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Neural Activity Associated with the Processing of Familiar Information in Working Memory Open Access


Other title
working memory
personally familiar face
familiar information
Type of item
Degree grantor
University of Alberta
Author or creator
Ng, Benson PS
Supervisor and department
Leung, Ada (Occupational Therapy)
Examining committee member and department
Kim, Esther (Communication Sciences and Disorders)
Singhal, Anthony (Psychology)
Mou, Weimin (Psychology)
Faculty of Rehabilitation Medicine
Rehabilitation Science
Date accepted
Graduation date
2017-11:Fall 2017
Master of Science
Degree level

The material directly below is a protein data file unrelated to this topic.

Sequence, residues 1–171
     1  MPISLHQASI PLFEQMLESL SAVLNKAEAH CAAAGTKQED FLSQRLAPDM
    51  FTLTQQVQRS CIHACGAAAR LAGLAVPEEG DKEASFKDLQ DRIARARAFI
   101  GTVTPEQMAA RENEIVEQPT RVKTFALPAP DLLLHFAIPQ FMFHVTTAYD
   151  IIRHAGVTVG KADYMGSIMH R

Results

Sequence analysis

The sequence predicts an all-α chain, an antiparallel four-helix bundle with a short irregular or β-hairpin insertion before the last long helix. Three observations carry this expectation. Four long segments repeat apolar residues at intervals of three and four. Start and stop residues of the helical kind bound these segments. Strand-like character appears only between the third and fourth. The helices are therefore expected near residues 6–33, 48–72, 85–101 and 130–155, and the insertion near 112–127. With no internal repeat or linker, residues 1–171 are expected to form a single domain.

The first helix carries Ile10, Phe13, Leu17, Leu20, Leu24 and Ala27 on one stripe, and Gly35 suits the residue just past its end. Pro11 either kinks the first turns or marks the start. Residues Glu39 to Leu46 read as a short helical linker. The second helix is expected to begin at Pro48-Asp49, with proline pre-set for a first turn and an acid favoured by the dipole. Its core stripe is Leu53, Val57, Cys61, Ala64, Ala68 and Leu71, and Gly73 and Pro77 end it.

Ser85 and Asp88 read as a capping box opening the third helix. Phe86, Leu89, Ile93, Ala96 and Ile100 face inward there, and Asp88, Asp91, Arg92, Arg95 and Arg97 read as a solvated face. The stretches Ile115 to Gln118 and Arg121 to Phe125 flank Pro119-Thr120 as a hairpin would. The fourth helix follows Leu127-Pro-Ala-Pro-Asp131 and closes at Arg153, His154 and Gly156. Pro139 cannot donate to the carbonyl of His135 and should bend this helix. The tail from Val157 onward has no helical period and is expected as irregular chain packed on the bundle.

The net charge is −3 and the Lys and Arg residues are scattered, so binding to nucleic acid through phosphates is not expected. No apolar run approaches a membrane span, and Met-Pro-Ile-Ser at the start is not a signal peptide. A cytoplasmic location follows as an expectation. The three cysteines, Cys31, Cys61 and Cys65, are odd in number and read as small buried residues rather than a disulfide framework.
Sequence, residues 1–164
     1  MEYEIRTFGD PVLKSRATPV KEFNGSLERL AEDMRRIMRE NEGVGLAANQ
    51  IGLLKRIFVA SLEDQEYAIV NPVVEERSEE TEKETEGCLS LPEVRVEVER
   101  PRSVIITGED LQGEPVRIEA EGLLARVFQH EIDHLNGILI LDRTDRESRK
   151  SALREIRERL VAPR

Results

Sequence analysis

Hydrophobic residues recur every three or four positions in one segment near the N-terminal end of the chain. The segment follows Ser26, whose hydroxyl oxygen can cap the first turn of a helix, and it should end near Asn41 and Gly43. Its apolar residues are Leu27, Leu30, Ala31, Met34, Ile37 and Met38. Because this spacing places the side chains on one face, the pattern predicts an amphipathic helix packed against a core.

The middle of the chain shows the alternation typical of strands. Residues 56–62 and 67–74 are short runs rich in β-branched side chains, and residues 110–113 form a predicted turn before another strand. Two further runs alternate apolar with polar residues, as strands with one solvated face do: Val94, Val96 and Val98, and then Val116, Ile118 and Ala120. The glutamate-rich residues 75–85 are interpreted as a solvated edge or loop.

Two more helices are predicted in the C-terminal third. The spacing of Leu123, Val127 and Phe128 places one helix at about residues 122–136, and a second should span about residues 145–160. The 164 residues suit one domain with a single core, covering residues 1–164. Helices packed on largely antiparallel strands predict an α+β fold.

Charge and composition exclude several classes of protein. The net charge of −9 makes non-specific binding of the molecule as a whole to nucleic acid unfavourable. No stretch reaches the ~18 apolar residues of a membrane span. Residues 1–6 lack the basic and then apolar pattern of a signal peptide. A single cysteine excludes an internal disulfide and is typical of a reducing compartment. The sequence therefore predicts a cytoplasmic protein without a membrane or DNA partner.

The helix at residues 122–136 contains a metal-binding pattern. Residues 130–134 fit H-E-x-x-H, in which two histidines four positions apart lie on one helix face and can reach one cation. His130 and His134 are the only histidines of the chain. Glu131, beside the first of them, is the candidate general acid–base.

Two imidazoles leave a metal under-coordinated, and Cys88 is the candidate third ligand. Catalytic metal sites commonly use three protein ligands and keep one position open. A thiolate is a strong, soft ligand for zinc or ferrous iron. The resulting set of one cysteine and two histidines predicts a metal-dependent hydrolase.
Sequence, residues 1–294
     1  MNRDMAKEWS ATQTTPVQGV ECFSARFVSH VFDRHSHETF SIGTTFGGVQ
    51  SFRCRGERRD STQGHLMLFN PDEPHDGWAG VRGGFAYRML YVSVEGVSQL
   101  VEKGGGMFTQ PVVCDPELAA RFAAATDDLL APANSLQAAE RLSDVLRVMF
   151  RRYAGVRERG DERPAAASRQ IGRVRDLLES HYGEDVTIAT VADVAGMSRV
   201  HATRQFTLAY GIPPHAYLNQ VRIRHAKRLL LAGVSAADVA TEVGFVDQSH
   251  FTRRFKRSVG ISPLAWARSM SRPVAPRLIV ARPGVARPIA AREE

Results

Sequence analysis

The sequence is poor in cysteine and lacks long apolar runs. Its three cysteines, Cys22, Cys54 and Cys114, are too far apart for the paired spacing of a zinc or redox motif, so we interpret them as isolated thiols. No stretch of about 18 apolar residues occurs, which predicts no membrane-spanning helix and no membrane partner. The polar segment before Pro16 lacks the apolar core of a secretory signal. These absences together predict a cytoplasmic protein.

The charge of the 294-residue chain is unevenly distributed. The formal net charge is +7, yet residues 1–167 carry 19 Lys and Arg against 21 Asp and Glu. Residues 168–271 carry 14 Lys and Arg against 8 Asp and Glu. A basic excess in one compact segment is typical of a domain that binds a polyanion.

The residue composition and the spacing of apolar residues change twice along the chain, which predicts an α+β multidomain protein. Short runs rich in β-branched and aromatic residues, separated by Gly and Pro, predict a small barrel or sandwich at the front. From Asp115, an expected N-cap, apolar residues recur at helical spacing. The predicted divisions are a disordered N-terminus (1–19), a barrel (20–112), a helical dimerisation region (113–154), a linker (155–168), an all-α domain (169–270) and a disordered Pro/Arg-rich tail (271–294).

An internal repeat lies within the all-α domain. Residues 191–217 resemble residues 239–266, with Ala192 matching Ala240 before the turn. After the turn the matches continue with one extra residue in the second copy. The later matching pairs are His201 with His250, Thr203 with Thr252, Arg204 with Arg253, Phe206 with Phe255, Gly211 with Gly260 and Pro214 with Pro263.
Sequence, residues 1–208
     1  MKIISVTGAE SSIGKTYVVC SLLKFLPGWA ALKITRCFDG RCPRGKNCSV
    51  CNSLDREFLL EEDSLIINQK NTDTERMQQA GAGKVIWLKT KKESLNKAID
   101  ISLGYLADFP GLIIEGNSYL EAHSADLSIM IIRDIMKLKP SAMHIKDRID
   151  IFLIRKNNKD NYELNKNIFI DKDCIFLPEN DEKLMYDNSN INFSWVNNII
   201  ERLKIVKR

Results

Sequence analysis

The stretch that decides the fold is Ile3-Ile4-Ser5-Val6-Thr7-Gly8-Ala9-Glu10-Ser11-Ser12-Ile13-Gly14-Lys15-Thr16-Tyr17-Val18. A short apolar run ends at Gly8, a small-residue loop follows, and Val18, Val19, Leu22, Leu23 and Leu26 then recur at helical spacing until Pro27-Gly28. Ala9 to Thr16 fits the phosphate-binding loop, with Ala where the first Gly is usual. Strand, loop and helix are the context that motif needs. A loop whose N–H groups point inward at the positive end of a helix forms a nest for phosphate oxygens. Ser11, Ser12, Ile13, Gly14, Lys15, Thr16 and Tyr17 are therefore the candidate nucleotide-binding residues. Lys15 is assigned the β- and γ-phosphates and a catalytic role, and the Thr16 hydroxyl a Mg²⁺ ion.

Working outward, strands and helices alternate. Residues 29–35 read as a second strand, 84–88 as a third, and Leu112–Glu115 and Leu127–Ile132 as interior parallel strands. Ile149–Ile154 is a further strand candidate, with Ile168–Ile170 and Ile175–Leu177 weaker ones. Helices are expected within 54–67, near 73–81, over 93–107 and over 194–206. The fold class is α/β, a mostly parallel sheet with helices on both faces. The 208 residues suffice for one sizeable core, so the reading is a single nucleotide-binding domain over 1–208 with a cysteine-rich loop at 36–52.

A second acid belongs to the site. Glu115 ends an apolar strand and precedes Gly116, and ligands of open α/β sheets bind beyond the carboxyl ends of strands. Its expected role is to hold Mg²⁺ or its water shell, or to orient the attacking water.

Purpose: Emerging data indicate that processing of familiar and novel faces involves different neural mechanisms; familiar face perception is associated with more widespread neural activity in prefrontal and temporal regions compared with novel faces (Leveroni et al., 2000). Nevertheless, investigation of working memory in the context of personally significant information is limited. Method: Sixteen healthy individuals performed n-back tasks while undergoing functional magnetic resonance imaging at the University of Alberta. A yoked design was used to pair familiar faces (family members / close friends) with novel faces across participants (Roye, Schroger, Jacobsen, & Gruber, 2010). Participants compared the current face with the one before (1-back) or two faces before (2-back). There were 6 runs, each consisting 6 blocks of 1-back and 2-back conditions. Statistical parametric mapping (SPM) 8 was used for statistical analysis. Results: Hit rates were comparable between 1-back and 2-back conditions for familiar faces (93.7% and 89.1% respectively; p>0.05) but were slightly higher in 1-back than 2-back conditions for novel faces (89.1% and 82.7% respectively, p<0.05). In the 1-back condition, familiar faces demonstrated substantial activations in prefrontal, occipital, and cerebellar regions compared with novel faces. In the 2-back condition, both familiar and novel faces activated the typical frontoparietal working memory network; however, novel faces activated more extensively and also activated the insula and thalamus, whereas familiar faces activated less extensively and also activated the cerebellum. In addition, the main effect of familiarity and pair-wise comparison of familiar versus novel faces on the 2-back condition showed strong neural activity in the anterior cingulate cortex. Region of interest (ROI) analysis revealed dissociable pattern of brain-behavior relationship: Neural activity for familiar 2-back condition showed positive correlation with hit rate and negative correlation with reaction time over many regions such as the superior and medial frontal gyrus, the occipital cortex, and the anterior cingulate cortex, while neural activity for novel 2-back condition showed negative correlation with hit rate and positive correlation with reaction time at the medial frontal gyrus. This further suggests that familiar information, relative to novel information, has a facilitative effect on working memory. Conclusions: Familiar and novel faces demonstrated different patterns of activation in working memory tasks. Although both conditions activated the typical working memory network, familiar faces demonstrated fewer actiavtions than novel faces in the 2-back condition, suggesting that working memory on familiar faces requires less effort. In addition, the neural activity associated with the processing of familiar faces also demonstrated a pattern of facilitation, with greater neural activity related to higher accuracy rate and lower reaction time on task; such pattern was absent for novel faces. From the results of the 1-back condition, the processing of familiar faces appeared to elicit more extensive activations, consistent with previous findings that more widespread neural changes in familiar face perception. The results suggest a differential use of personally significant information in face perception and working memory training.
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